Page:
Thank you so much for the assistance to pay our rent, it came at a time when we needed it most. I was diagnosed with pancreatic cancer in August, 2917. I’ve had chemo every few weeks since, and medication, c scans and Medical procedures. These costs are significant and have become a financial stain on us. Your contribution has eased the financial burden. I’m not able to work and never expected this to happen ( who ever thinks this will happen ).
My prognosis isn’t good, I continue to stay strong and believe and pray a new remedy will come along to help me. I’m a strong willed woman and will continue to be strong as long as I have the strength to do so.
Thank so much Betsy Murphy
Here’s something my husband wrote,
Observations from the spouse of a cancer patient, one who has been with her daily through her challenges since being diagnosed with pancreatic cancer over 8 months
When you are first diagnosed with pancreatic cancer, it’s like being hit by a bus. You know it’s one of the worst cancers one can have. What do I do now, what will I endure in the next few months, will I be sick, tired and weary, how long do I have to live. You realize that this terrible cancer is continuing to grow inside your body, will we be able to remove it by reducing its size and having surgery?
When you visit the oncology DR. for the first time you realize how sick you really are and the diagnosis isn’t in your favor. She prescribes chemotherapy and explains how it works and the side effects you will have. The chemo is supposed to reduce the tumor, it works on fast growing cells which also means it will reduce the hair on your body as hair is a fast growing cell. Your hair thins and starts to come out, you cut it short and then it is finally gone, you find nice scarfs and knit caps to help you feel and look better. You will have nausea, diarrhea, stomach pain, body ache, weight loss, possible sores in your mouth, dry mouth, dry itchy skin, sorrow, worry and depression, you can’t digest your food as your pancreas doesn’t produce the enzymes needed.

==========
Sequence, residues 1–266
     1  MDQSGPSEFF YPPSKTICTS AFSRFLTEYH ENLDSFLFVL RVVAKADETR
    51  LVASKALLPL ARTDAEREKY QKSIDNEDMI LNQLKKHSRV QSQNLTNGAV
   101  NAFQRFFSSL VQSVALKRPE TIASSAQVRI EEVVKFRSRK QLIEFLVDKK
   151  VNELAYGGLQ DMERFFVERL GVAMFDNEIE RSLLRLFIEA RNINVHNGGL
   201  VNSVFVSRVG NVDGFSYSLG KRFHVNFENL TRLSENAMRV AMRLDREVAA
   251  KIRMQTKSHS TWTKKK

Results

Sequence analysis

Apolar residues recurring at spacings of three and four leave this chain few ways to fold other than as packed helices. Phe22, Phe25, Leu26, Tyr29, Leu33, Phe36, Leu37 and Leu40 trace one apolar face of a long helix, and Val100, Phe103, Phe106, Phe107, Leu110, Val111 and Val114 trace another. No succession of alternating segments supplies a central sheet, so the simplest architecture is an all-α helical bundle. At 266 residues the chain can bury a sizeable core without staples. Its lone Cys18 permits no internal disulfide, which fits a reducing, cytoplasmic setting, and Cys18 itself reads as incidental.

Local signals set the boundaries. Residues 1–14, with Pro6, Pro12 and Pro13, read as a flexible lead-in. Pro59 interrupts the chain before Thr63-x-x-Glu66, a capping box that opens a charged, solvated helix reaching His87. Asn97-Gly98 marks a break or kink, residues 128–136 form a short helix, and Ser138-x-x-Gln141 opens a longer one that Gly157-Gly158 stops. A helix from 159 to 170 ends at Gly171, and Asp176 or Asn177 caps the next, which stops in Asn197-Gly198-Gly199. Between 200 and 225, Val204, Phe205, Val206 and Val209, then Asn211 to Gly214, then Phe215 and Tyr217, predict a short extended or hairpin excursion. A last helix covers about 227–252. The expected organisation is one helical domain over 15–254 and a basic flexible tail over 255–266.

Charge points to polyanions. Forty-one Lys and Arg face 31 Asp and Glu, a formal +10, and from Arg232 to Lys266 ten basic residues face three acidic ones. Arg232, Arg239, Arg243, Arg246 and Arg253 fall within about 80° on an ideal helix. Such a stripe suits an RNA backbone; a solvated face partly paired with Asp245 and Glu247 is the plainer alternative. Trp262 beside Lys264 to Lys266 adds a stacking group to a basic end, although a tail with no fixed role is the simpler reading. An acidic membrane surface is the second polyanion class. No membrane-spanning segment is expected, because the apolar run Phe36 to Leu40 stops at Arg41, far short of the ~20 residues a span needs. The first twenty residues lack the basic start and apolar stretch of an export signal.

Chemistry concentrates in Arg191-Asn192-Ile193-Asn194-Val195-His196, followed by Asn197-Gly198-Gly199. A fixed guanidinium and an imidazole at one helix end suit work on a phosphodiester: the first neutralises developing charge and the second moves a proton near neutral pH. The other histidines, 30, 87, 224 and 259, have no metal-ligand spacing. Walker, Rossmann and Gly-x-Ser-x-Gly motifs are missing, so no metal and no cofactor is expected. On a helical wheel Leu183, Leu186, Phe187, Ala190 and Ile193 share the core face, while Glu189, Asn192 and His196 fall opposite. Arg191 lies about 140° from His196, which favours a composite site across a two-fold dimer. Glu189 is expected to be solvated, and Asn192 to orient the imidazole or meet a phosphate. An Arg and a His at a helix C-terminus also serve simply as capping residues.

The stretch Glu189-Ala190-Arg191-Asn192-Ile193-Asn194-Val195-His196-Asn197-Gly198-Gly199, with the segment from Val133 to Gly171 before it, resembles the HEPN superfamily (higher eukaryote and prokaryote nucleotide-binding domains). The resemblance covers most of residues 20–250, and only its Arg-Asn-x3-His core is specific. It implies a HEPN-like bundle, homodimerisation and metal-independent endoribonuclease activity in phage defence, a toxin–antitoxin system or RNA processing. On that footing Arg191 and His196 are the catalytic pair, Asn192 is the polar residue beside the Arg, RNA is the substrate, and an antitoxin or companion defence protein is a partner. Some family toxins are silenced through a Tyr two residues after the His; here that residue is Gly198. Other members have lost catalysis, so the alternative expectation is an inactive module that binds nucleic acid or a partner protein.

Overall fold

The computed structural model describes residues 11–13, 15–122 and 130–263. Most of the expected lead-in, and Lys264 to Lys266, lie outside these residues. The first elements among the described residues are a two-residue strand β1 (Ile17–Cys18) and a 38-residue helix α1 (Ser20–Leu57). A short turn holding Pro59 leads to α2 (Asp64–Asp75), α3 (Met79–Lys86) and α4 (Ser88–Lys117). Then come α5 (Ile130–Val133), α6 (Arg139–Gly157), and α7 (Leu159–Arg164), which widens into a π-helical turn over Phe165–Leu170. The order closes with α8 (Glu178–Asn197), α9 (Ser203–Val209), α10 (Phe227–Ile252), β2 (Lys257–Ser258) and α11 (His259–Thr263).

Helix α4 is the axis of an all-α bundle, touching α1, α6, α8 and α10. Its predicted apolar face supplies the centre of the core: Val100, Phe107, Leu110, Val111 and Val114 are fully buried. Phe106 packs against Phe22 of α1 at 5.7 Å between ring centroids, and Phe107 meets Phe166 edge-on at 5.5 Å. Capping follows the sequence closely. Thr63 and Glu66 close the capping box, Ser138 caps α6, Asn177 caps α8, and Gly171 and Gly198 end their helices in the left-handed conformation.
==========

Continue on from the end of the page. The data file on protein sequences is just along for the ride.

You ask yourself why me, if your the spouse of a cancer patient you wish you had the cancer instead of your lovely spouse. You realize that the cancer is not because you ever did anything to cause it, you were just dealt a bad hand.
After weeks, then months of treatment and over 20 pounds of weight loss you are not getting better, and the DR tries another chemo that slows the cancer growth, the cancer has spread to your stomach slightly and it’s difficult to control your digestion and you can’t venture too far from home. You have a New Normal, most of your dreams and plans for the future in retirement are gone.
Religion teaches us there’s a better place we’ll go to, and you understand, but are not ready to leave the place you are now, your family, friends and the ones you love and care for. You cherish each good day and thank God for them, and pray you will have a restful night and wake in the morning feeling good.
You wake early each morning that you go to the cancer center for infusions and chemo, it’s difficult as you know you will feel worse to feel better. All the wonderful caring nurses and staff are there to help and assist you, gently taping your port for infusion, bringing warm blankets, pillows and cold or hot drinks and snacks, taking time to talk to you, helping to ease your stress and anxiety. Most of these caregivers are now your friends, they know your name, your life history, your family members and friends, your adventures when you were younger and healthy, and you know more about them and their children, spouse, family and friends.